by Shelagh Braley & Kate Clark
Natural sunlight is a free and available mood enhancer. It encourages us to produce vitamin D and protects us from seasonal mood changes. However, because society is more aware than ever of skin cancer and sun damage, most of us have significantly reduced our exposure to natural sunlight.
But, in doing so, we have traded the risk factors of one disease for others. Lack of natural sunlight can lead to vitamin D deficiency – which contributes to an increased risk of and Seasonal Affective Disorder (SAD).
Causes of Seasonal Affective Disorder
Although the exact causes of SAD are still unknown, studies have shown that the unique chemical makeup of each person, age and genetics all play roles in whether lack of natural sunlight triggers a seasonal affective response. Any decline in natural sunlight exposure and the resulting vitamin D absorption disrupts the natural body clock that controls the body’s gauge for sleeping and waking hours.
This causes an uncontrolled deviation from normal patterns and behaviors, which in turn can causes feelings of depression and hopelessness. Reduced melatonin and serotonin hormones — the chemicals released from the brain that control mood — are often also partly to blame for SAD symptoms that lead to depression.
Risk factors for SAD
Some people have proved more susceptible to Seasonal Affective Disorder. Those with higher risk factors include women, those who live farthest from the equator (Eskimos, for example) and those whose family histories include members who have suffered from seasonal affective issues.
As with other types of mental disorders and depression, this disorder should be taken seriously. If it reaches the critical stage of feelings of isolation, coupled with severe hopelessness and, perhaps, suicidal thoughts, consult your doctor immediately.
Treatments for lack of natural sunlight
Most parts of the world have three low-sunlight seasons, and the only way to absorb enough sunlight during these times is to get into natural sunlight to keep serotonin and melatonin levels from sinking. Your skin and eyes should catch sunlight for 10 to 15 minutes a day, even early in the morning when the sun is not yet strong. Do not look directly into the sun, but glance peripherally at it for just a few seconds at a time.
When natural sunlight hits the skin, it triggers the body to produce vitamin D. Vitamin D is present in very few foods, but is necessary for proper calcium absorption. Sufficient calcium levels in the body prevent teeth and bone erosion, including osteoporosis. Most importantly, research has shown that sufficient levels of vitamin D control mood and feelings of satisfaction, especially in those with risk factors for SAD. Since vitamin D works in concert with calcium to support strong bone health and hormone regulation, taking supplements to replace lost vitamin D as well as melatonin might help to temporarily minimize the effects of a lack of natural sunlight and improve your mood.
Seasonal Affective Disorder has successfully been treated with light therapy, during which the sufferer is exposed to specially designed lights. They can be set up in the home or office, and have been shown to be effective in treating symptoms of SAD.
Remember to talk to your doctor if you show signs of SAD, especially during the winter months.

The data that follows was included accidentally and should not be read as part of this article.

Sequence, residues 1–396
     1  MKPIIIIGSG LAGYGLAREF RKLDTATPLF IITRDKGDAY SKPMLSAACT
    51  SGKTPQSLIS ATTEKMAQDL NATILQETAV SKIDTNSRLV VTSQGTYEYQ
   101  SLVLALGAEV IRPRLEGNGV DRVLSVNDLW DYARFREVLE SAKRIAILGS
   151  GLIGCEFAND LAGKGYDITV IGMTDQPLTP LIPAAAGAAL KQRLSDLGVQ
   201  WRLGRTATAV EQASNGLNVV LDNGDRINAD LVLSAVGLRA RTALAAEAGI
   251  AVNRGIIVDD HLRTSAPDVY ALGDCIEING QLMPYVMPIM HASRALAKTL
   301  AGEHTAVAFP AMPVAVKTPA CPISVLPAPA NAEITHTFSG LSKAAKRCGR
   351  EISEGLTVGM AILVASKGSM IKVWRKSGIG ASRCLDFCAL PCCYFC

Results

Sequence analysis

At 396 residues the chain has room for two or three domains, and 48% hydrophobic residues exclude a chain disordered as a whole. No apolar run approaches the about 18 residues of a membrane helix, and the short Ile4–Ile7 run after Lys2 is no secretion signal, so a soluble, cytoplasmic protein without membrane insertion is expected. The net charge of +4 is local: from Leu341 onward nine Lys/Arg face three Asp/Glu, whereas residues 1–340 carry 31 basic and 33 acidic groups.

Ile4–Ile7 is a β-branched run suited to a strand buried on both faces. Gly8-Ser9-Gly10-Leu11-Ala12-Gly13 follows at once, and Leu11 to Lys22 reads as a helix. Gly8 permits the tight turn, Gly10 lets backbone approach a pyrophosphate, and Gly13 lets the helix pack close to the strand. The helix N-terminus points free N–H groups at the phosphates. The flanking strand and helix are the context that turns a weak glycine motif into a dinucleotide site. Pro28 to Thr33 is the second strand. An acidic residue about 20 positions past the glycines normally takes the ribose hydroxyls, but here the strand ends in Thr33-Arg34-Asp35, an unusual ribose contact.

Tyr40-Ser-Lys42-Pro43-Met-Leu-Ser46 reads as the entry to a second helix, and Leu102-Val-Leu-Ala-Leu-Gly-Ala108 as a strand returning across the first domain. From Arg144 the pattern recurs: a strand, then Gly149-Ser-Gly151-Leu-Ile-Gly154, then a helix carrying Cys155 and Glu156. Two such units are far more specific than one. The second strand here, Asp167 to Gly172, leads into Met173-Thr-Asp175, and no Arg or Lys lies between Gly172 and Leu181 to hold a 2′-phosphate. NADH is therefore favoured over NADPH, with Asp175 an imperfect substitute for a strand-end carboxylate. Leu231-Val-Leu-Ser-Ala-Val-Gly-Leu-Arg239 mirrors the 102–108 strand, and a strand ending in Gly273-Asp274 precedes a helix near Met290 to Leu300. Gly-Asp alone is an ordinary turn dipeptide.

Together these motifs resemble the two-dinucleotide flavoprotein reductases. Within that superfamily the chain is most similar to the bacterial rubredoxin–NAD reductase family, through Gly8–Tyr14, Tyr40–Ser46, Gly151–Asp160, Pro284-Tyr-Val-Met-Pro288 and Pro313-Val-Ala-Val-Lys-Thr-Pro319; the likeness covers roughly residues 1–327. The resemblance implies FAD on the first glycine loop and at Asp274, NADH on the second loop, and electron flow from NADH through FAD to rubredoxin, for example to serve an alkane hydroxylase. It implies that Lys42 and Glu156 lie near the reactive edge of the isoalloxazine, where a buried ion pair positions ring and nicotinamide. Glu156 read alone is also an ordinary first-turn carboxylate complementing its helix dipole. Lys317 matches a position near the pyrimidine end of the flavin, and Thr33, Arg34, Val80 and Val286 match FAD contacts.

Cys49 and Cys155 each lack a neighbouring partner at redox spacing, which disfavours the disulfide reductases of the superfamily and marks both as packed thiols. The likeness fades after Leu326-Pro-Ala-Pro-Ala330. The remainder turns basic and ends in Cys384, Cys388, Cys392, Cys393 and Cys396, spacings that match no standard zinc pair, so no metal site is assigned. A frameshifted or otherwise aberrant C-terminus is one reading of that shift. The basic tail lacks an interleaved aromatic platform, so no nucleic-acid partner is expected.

Aromatherapy recipes for depression
Another way to combat the depressive symptoms of SAD relies on herbs. Using aromatherapy for depression is a natural way to combat negative thoughts and promote relaxation. Many essential oils have calming or energizing properties that can benefit your mind. While not medically proven to cure the condition of depression, aromatherapy can be part of a holistic approach to mental wellness. Mixing up a few simple recipes can help elevate your spirits.
Common Essential Oils in Aromatherapy Recipes for Depression
On her website, AromaWeb, Wendy Robbins, who holds an American College of Healthcare Sciences Certificate in Aromatherapy, recommends essential oils for depression, along with several recipes:
- Bergamot (uplifting, soothing)
- Clary Sage (euphoric, relaxing)
- Frankincense (calming)
- Grapefruit (awakening, motivating)
- Jasmine (comforting, uplifting)
- Lavender (balancing, relaxing)
- Lemon (revitalizing, cleansing)
- Neroli (peaceful, soothing)
- Orange (calming, uplifting)
- Rose (calming, uplifting)
- Sandalwood (comforting, relaxing)
- Ylang Ylang (balancing, uplifting)
Mixing and storing aromatherapy blends
Aromatherapy recipes involve mixing drops of essential oils with a carrier oil, such as almond, olive or jojoba. To reap the most benefits, store your blends in dark-colored glass bottles in a cool place away from the light.
Sandalwood/rose/orange aromatherapy diffuser oil for depression
- In a glass bottle, combine 12 drops of sandalwood oil, four drops of rose oil and four drops of orange oil.
- Gently roll the bottle to mix.
- Place drops of the mixture in an aromatherapy diffuser to fill your room with the scent.
Lavender/rose/bergamot aromatherapy massage oil for depression
- Combine one ounce of jojoba oil with three ounces of almond oil.
- Add 20 ounces of lavender oil, 10 drops of rose oil and 10 drops of bergamot oil.
- Mix well.
Clary sage/bergamot aromatherapy bath salts for depression
- Add eight drops of clary sage oil and 12 drops of bergamot oil to three cups of sea salt.
- Mix well in a bowl, adding one tablespoon of a carrier oil for moisture.
- Store in a jar with a snug lid.
Experiment with your own blends
Try other combinations of aromatherapy oils for depression. Other possible blends include ylang-ylang-lavender-grapefruit and lemon-frankincense-jasmine.